More recently, Thompson has come under scrutiny for his position on a constitutional amendment on gay marriage, a defining issue for the Christian right.

Thompson over the past month has stated on more than one occasion that he supports an amendment that would prohibit states from imposing their gay marriage laws on other states. (story) That falls well short of what evangelical leaders want: an amendment that would bar gay marriage nationwide.

Thompson’s position surprised evangelical leaders who say they met with him in June and came away thinking he shared their desire for a more sweeping constitutional change. Now, they wonder if he is flip-flopping.

One person in attendance – Mathew Staver of the Liberty Counsel, a Florida-based conservative legal group – said Thompson described going back and forth about the merits of an amendment prohibiting gay marriage nationwide.

“At one time, he said he was against it,” Staver said. “Then he said in June he was for it. So if now he’s saying he’s against it, to me that’s a double-minded person. And that would be a real concern for religious conservatives.”

Messages left with Thompson campaign were not returned.

Several Christian right leaders said opposition to a broad amendment would hurt Thompson with evangelicals, but not necessarily cause irreparable harm. Others played down the issue, pointing out that their favored approach was politically impossible anyway because Democrats control the House and Senate.

Richard Land, president of the Southern Baptist Convention’s Ethics & Religious Liberty Commission, said Thompson’s position is consistent with the former senator’s support for limited federal government and giving power to the states.

Land said it is healthy that expectations for Thompson have diminished from unrealistic levels and he does not think evangelical excitement has dimmed for a man he described as a “masterful retail politician.”

Many evangelical leaders said one of Thompson’s biggest draws is his perceived electability. Some are watching whether former Arkansas Gov. Mike Huckabee, a former Baptist minister, can build on his second place finish last month in the Iowa straw poll.

Tim Wildmon, president of the Tupelo, Miss.-based American Family Association, said that while he likes Huckabee, Thompson’s better name recognition and fundraising potential is a strong draw for evangelicals.

“This is a dilemma a lot of people have,” Wildmon said. “They want to support the candidate that most reflects their values. “But at the same time, you have to balance that against finding someone who can actually win.”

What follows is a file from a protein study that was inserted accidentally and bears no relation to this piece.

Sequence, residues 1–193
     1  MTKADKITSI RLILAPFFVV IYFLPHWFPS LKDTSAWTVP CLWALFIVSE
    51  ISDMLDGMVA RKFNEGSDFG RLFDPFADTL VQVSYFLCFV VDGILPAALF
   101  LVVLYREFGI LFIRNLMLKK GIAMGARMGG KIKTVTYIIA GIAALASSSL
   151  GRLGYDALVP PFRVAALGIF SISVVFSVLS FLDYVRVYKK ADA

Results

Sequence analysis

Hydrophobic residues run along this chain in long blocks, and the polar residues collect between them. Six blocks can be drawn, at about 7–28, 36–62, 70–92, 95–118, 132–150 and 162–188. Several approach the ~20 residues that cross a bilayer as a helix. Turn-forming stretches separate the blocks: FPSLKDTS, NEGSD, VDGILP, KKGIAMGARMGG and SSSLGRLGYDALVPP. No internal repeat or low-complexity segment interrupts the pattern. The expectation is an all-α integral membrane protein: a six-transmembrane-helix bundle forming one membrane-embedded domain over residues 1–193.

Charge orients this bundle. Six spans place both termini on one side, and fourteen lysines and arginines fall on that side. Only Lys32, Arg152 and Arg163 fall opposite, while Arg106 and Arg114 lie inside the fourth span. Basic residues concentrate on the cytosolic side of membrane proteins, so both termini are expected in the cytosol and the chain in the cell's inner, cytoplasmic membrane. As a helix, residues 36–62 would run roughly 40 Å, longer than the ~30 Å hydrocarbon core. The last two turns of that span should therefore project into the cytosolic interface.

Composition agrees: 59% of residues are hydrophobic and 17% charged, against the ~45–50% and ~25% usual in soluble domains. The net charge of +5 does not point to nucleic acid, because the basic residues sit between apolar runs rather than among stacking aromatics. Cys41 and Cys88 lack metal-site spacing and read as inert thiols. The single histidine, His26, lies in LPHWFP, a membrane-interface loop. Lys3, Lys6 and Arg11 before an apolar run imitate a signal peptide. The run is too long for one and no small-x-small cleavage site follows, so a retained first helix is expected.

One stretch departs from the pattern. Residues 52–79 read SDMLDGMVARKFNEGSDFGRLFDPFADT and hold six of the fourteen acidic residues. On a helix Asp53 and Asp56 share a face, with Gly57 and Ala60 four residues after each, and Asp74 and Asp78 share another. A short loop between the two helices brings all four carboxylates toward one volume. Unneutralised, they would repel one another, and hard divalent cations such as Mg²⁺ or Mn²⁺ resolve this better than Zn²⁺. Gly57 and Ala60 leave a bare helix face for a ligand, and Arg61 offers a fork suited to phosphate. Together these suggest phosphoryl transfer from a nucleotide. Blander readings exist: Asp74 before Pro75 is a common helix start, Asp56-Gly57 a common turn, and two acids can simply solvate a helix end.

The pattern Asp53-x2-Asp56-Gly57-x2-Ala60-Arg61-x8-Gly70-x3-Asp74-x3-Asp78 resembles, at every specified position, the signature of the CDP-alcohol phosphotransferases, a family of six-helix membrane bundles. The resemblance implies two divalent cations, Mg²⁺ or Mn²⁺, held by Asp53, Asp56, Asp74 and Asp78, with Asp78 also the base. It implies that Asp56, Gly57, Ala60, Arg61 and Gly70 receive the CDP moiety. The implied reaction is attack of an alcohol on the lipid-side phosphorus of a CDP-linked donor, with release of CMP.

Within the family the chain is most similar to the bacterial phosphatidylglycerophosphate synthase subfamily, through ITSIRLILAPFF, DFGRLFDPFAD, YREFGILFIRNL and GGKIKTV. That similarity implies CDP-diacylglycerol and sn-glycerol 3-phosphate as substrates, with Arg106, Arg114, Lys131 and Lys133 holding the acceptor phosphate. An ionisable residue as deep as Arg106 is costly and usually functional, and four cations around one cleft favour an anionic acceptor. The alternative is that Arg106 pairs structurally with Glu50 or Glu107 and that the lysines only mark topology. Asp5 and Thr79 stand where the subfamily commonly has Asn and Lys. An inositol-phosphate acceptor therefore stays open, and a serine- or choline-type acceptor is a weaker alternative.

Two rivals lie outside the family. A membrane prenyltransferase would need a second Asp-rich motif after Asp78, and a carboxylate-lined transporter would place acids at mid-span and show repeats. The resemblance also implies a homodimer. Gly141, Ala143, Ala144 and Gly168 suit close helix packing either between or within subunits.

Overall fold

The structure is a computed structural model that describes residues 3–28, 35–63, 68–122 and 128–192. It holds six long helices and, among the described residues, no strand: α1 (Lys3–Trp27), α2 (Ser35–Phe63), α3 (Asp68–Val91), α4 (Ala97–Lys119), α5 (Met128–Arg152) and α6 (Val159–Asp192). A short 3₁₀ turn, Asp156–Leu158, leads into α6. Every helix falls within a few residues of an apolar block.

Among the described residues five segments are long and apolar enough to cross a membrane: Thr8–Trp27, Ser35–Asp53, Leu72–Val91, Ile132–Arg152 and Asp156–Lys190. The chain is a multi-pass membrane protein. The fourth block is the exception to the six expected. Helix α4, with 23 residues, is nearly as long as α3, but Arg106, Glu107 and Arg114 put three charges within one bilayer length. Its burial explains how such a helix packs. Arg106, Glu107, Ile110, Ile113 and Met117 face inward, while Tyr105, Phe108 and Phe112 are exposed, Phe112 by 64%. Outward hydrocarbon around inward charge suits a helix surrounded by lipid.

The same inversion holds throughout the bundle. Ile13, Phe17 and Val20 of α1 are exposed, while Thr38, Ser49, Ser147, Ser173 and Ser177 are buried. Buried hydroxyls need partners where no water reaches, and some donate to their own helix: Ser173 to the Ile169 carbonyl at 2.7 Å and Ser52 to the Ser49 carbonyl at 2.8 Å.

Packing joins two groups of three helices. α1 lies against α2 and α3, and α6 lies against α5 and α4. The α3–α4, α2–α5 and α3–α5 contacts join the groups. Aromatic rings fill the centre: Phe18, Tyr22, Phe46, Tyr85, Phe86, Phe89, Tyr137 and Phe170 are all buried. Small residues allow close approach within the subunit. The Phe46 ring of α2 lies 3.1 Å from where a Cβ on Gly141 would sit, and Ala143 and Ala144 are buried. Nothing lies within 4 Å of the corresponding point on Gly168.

©365Gay.com 2007


Labels … Let us Reflect on them …

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Krystalnacht – The Night of the Broken Glass…
The Beginning of The Holocaust

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Work Makes You Free …

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A Survivor from Buchenwald

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Yad Vashem – Jerusalem Holocaust Memorial

 

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Auschwitz – Concentration Camp

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Red Ribbon

The Red Ribbon – Synonymous for AIDS

Pride Flag

The Pride Flag – Proud Symbol for all things Gay

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The Names Project AIDS Memorial Quilt – For all those who died from AIDS
My friends,My family, My brothers and sisters…

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The JEW – The Star of David used during the Holocaust …
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You who live safe
In your warm houses,
You who find, returning in the evening,
Hot food and friendly faces:
Consider if this is a man
Who works in the mud
Who does not know peace
Who fights for a scrap of bread
Who dies because of a yes and a no.
Consider if this is a woman,
Without hair and without name
With no more strength to remember,
Her eyes empty and her womb cold
Like a frog in winter

Meditate that this came about:
I commend these words to you.
Carve them in your hearts
At Home, in the street,
Going to bed, rising;
Repeat them to your children,

Or may your house fall apart,
May illness impede you,
May your children turn their faces from you.

Primo Levi

Survival in Auschwitz

 

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The Homosexual – Also Used during the Holocaust …

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A Young Man – Hungarian Jewish Boy –
From Fateless, the Motion Picture

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The Label Chart Used By the Nazi Party within
the Death Camps and Concentration Camps to
Identify people…
Location, Ethnicity, Area, Orientation, Religious Affiliation

 

There weren’t only Jews in the Camps…

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The ACT UP slogan for Gay and AIDS circa 1980

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What Would Jesus Do???

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This is my Label – I earned every hour of it, with Pride…